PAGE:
ISO 27001 – Not (Quite) As Dull As Expected

We are about to receive our ISO 27001 (Information Security Management System) certification. Like, I suspect, most companies that seek certification, our reasons were initially around marketing and satisfying clients’ procurement requirements. However, as we have moved through the process, I have realised that we will gain some tangible benefits that will make us a better company.

As an information business, there is nothing more important to us than our clients’ data. We have therefore always done everything that we can to secure that data and to deal with it in a way that will keep it secure. With that in mind, I had my doubts about what would be added by gaining a piece of paper with an ISO number on it.

A large part of the ISO 27001 process involves considering everything from physical security of offices to the risks around employees leaving the business and ensuring that appropriate controls are in place to minimise and mitigate information security risks. So far, so dull.

What I didn’t realise is that ISO27001 certification is not just about trying to find security weaknesses to fix – it is about putting systems in place that will prevent security weaknesses from occurring in the first place.  This stuff is never going to be truly exciting but it is important and ISO 27001 provides a good framework for getting it right.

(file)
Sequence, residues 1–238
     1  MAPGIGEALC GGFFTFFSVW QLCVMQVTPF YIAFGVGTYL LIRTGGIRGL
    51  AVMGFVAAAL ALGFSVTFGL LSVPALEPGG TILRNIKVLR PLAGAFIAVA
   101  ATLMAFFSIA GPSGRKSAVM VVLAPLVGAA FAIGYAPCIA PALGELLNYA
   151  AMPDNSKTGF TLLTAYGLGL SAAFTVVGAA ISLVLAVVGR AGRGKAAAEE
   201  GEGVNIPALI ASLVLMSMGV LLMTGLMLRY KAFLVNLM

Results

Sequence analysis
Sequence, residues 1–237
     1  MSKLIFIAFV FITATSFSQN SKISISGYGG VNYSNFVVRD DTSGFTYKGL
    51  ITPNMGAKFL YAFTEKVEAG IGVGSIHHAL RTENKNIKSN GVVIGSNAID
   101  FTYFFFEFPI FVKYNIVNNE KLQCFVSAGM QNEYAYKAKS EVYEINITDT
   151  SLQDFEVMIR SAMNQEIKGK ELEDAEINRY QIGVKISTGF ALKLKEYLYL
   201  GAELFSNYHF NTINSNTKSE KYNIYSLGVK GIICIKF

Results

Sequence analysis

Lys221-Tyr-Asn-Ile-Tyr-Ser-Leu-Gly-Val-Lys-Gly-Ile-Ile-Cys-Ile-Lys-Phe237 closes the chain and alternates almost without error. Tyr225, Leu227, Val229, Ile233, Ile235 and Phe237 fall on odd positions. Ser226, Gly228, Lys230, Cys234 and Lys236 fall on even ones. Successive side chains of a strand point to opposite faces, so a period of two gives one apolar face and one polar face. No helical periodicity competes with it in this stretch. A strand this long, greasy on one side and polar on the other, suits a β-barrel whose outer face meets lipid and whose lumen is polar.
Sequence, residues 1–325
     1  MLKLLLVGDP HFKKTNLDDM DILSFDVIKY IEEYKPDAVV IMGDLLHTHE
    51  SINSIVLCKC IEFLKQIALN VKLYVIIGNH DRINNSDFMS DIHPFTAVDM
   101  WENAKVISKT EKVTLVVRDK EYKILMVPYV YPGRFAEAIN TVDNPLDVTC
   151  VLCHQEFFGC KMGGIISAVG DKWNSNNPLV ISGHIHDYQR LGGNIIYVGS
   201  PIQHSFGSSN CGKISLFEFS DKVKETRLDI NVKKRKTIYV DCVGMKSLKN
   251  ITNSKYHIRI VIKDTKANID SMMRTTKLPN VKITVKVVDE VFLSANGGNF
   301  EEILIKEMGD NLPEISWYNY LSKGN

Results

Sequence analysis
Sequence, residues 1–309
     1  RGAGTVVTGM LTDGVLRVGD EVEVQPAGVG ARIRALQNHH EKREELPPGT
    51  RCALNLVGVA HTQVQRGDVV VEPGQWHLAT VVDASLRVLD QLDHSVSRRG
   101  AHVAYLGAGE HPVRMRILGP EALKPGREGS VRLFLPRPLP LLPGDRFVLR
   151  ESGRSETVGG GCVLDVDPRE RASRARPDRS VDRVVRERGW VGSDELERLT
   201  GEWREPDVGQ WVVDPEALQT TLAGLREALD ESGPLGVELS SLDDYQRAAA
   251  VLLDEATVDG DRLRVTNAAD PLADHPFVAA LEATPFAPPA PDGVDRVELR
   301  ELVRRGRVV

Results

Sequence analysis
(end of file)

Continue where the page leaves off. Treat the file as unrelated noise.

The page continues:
As a consequence of the certification process, we have sharpened up our Business Continuity Plan, documented a lot of security information that was in people’s heads and established the ongoing processes that will keep everything up to date. We are now in a position where we are not only confident that we are secure but we know what we need to do in order to stay secure.

I now see ISO 27001 as an important indicator that security is at the heart of a business, built into the way that it operates. Having certification is not a guarantee that nothing can go wrong but it does mean that a supplier has the right plans and procedures in place to keep information secure. Crucially, it also means that those plans and procedures are reviewed regularly so that they don’t become stale.